Touches the Sky delves into the timeless theme of clashing cultures that alternately alienate and intrigue. Jan Ellerbroek, an 1890s Dutch settler, is both mesmerized and disturbed by the "ghost dances" of the Lakota Indians he and his wife live among. The Sioux insist they dance for the Messiah who will save them from those who would steal their land, culture, and hearts. But can the same God of Jan's pious people be found in such mystery and frenzy?
Already tense, the atmosphere crackles when a Dutch hired hand is found shot to death. The settlers accuse the Sioux, and fear escalates. But the Sioux insist on their innocence, knowing their honor-and much more-is at stake.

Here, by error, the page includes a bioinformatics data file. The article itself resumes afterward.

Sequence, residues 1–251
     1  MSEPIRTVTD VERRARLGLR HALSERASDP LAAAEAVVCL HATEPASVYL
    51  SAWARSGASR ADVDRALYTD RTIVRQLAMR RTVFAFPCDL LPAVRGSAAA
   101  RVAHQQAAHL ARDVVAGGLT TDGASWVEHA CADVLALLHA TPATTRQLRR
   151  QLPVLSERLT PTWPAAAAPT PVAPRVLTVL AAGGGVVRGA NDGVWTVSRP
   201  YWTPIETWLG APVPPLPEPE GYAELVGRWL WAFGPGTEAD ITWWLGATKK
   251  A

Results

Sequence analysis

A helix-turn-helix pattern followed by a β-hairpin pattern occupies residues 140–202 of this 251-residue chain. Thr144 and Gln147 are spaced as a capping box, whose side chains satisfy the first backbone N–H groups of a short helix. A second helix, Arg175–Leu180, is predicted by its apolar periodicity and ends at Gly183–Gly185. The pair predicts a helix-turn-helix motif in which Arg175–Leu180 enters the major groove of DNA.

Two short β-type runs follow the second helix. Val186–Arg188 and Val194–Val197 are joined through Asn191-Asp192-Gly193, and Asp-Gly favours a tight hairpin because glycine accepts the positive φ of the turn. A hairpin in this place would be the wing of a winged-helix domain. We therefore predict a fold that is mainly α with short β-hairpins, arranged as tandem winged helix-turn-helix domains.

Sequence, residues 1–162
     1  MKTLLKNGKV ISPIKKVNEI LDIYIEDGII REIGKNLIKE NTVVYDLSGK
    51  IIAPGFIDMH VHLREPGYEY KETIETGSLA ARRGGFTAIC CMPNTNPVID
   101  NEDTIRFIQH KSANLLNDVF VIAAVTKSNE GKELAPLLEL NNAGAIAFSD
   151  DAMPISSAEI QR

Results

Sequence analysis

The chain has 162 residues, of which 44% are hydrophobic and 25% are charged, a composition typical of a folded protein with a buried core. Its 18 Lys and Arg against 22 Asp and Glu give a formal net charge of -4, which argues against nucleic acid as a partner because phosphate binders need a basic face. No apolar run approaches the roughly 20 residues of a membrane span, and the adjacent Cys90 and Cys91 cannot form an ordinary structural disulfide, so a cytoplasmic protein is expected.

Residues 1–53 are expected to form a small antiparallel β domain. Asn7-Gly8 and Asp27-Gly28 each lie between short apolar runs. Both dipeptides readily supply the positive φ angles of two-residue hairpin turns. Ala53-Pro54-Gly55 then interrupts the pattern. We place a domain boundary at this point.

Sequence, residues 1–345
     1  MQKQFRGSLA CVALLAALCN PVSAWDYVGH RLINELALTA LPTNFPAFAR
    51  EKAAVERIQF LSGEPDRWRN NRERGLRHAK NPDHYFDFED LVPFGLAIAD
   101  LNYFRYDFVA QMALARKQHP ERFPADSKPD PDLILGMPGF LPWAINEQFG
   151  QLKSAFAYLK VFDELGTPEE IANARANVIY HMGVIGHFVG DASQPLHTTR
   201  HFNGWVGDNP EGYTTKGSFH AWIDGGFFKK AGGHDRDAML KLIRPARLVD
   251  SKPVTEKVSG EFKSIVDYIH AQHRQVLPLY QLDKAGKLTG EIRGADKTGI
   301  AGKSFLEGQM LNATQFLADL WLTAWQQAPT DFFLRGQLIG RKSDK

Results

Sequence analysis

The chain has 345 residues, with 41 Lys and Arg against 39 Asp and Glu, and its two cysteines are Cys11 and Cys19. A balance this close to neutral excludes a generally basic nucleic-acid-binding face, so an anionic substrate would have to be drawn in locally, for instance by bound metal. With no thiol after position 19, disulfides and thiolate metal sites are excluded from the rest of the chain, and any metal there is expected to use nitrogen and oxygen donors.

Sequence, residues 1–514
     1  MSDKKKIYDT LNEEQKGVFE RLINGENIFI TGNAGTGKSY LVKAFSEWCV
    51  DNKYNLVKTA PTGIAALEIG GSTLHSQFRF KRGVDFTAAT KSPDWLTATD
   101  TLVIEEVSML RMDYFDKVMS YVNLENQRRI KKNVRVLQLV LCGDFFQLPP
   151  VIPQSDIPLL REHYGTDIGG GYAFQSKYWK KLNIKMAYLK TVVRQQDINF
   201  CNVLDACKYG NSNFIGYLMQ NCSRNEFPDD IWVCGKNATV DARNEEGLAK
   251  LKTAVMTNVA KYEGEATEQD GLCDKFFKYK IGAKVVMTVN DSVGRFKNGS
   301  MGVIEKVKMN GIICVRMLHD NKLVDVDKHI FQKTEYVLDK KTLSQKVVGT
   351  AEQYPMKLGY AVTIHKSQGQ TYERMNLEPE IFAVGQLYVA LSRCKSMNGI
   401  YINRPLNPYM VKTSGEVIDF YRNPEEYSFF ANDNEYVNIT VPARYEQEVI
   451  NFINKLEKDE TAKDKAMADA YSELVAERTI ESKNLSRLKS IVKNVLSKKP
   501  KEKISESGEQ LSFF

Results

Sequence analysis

Absorbing as well as profound, this sensitive story probes the making of the West, the depths of humanity, and a God whom the main character admits "can seem as vast and unknown as the prairie."
James Calvin Schaap is a professor of English at Dordt College in Sioux Center, Iowa. Christianity Today declared his last novel, Romey's Place, one of the best books of 1999. He has also received five top Evangelical Press Association fiction awards and four Associated Church Press awards.